Education Policy | Post Primary | Preschool | Primary | Tertiary | Search

 

Leading economist appointed to Research Centre


Leading economist appointed to Stout Research Centre

Distinguished economist and social statistician Dr Brian Easton has been appointed as the 2008 J. D. Stout Research Fellow to Victoria University's Stout Research Centre for New Zealand Studies.

A well-known public commentator on a wide range of economic and social topics, most notably as the economic columnist of The New Zealand Listener, Dr Easton will use the fellowship to write a history of New Zealand from an economic perspective.

Funded by the Stout Trust, the J. D. Stout Fellowship is awarded yearly to a scholar of high-standing in order to foster research in New Zealand society, history and culture by providing the Fellow with an opportunity to work within an academic environment for the year of tenure.

Centre Director Professor Lydia Wevers says the Centre is delighted to welcome Dr Easton, as an independent scholar with a prolific publication record spanning four decades. He is a Distinguished Fellow of the New Zealand Economics Association (2006), a Fellow of the Royal Statistics Society, a Chartered Statistician, an Honorary Fellow of the Centre for Social and Health Outcomes Research and Evaluation at Massey University, and an Adjunct Professor of the Institute for Public Policy at the Auckland University of Technology.

Some of his more recent works include: Globalisation and the Wealth of Nations (Auckland University Press 2007); The Nationbuilders (Auckland University Press, 2001); In Stormy Seas: The Post-War New Zealand Economy (University of Otago Press, 1997); Towards a Political Economy of New Zealand: The Tectonics of History (Hocken Library, 1994).

He features in Laurence Simmons’ (editor) recently-published book Speaking Truth to Power: Public Intellectuals Rethink New Zealand (AUP), which is centred on eleven interviews with leading New Zealand intellectuals including James Belich, Jane Kelsey, Nicky Hager, Marilyn Waring and the late Michael King.

ends

© Scoop Media

 
 
 
Culture Headlines | Health Headlines | Education Headlines

 


Howard Davis: Emerald Fennell's Promising Young Woman'


The Guardian needed not one, but three reviews to do justice to Fennell's unsettling approach, which indicates exactly how ambiguous and controversial its message really is. More>>


Howard Davis: Jill Trevelyan's Rita Angus

Although Angus has become one of Aotearoa’s best-loved painters, the story of her life remained little known and poorly understood before Jill Trevelyan's acclaimed and revelatory biography, which won the Non Fiction Award at the Montana New Zealand Book Awards in 2009, and has now been republished by Te Papa press. More>>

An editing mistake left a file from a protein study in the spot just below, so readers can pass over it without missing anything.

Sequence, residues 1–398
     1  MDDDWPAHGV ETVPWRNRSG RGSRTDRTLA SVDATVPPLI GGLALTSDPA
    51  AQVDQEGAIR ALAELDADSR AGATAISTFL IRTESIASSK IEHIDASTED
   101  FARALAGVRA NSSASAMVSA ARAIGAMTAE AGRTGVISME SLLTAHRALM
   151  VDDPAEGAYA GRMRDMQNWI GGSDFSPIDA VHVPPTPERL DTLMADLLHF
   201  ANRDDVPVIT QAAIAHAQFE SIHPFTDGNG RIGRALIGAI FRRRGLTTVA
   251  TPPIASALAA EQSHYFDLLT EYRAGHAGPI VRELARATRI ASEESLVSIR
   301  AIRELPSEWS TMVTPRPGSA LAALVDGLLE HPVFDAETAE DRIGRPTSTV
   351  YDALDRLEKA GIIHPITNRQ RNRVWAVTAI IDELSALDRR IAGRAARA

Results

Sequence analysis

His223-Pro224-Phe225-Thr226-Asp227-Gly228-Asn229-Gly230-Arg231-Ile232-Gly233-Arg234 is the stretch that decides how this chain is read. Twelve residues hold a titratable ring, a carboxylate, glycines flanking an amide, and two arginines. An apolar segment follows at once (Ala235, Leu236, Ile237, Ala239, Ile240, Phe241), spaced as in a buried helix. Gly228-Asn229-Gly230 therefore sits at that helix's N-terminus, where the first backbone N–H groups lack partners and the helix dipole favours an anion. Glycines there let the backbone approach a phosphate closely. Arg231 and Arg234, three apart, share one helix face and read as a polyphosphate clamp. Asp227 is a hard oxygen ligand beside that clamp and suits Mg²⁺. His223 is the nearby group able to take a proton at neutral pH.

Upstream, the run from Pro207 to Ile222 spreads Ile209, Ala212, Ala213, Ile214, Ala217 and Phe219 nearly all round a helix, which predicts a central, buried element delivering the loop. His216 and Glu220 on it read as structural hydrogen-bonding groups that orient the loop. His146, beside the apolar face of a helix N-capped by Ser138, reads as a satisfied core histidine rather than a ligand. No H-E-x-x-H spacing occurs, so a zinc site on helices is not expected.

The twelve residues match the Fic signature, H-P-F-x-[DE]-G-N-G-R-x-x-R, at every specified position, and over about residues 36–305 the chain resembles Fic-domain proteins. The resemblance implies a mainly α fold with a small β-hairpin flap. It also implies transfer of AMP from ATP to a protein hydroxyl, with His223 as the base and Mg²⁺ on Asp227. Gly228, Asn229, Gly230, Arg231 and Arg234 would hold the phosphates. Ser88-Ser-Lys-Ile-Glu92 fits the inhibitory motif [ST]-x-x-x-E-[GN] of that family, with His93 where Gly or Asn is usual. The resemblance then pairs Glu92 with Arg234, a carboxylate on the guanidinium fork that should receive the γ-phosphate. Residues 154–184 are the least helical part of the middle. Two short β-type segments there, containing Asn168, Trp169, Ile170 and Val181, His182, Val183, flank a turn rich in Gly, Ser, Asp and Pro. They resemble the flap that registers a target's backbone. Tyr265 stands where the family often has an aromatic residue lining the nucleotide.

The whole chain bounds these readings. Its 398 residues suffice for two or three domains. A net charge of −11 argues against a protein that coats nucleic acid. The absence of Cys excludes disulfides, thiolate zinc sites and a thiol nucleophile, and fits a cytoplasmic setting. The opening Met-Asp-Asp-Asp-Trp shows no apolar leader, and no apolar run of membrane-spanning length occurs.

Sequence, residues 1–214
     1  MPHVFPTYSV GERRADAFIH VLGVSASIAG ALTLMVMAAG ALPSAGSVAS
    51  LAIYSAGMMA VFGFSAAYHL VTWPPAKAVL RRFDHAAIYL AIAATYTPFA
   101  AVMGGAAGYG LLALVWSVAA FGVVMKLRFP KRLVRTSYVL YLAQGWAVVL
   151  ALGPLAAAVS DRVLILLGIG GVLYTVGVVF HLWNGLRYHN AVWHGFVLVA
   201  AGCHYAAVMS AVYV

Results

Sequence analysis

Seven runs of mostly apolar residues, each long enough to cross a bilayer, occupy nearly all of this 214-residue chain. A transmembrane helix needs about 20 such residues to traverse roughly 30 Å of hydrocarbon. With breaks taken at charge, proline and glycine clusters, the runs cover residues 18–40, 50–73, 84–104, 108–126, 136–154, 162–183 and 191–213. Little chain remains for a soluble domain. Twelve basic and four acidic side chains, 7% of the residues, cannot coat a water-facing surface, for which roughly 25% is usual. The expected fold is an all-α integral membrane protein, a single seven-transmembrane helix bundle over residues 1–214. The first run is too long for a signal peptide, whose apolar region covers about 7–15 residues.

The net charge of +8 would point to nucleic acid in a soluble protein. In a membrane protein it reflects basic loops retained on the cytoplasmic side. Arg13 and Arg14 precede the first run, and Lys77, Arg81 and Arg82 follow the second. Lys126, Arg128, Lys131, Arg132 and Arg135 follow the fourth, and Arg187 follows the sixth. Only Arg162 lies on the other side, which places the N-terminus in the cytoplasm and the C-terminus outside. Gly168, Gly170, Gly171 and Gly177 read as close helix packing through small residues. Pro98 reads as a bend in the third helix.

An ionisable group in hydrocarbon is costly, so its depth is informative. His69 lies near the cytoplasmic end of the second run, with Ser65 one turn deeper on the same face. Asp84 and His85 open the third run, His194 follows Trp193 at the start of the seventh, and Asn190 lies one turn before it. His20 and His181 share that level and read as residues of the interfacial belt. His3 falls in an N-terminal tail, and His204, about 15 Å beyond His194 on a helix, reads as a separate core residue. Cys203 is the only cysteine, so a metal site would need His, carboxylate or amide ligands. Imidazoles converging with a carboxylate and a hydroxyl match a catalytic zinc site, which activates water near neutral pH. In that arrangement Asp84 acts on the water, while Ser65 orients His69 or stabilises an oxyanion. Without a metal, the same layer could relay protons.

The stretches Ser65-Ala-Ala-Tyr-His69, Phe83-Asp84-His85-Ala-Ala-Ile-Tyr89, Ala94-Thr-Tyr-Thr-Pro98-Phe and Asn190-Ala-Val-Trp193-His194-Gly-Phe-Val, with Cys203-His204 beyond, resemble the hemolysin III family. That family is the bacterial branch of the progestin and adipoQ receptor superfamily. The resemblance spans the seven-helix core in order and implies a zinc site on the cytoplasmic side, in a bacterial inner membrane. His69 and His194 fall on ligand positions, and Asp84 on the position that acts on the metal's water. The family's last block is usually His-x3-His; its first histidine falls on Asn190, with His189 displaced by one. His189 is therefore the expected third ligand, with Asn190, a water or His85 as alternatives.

Howard Davis: The Back of the Painting

Painting conservators are the forensic pathologists of the art world. While they cannot bring their subjects back to life, they do provide fascinating insights into the precise circumstances of a painting's creation, its material authenticity, and constructive methodology. More>>


Howard Davis: Black Panthers on the Prowl

A passionate and gripping political drama from Shaka King, this is an informative and instructive tale of human frailty that centers around the charismatic Chicago Black Panther leader Fred Hampton, who was murdered at the age of twenty-one during a police raid. More>>

Howard Davis: Controlling the High Ground

Stephen Johnson's raw and angry film not only poses important questions with scrupulous authenticity, but also provides a timely reminder of the genocidal consequences of casual bigotry and xenophobia. More>>

Howard Davis: Dryzabone - Robert Conolly's The Dry

After the terrible devastation caused by last year’s bushfires, which prompted hundreds of Australians to shelter in the ocean to escape incineration and destroyed uncountable amounts of wildlife, The Dry has been released during a totally different kind of dry spell. More>>


Howard Davis: Hit the Road, Jack - Chloé Zhao's Nomadland

Nomadland is perhaps the ultimately 'road' movie as it follows a group of dispossessed and disenfranchised vagabonds who find a form of communal refuge in camp sites and trailer parks after the economic contraction of 2008. More>>

 
 
 
 
 
 

LATEST HEADLINES

  • CULTURE
  • HEALTH
  • EDUCATION
 
 
  • Wellington
  • Christchurch
  • Auckland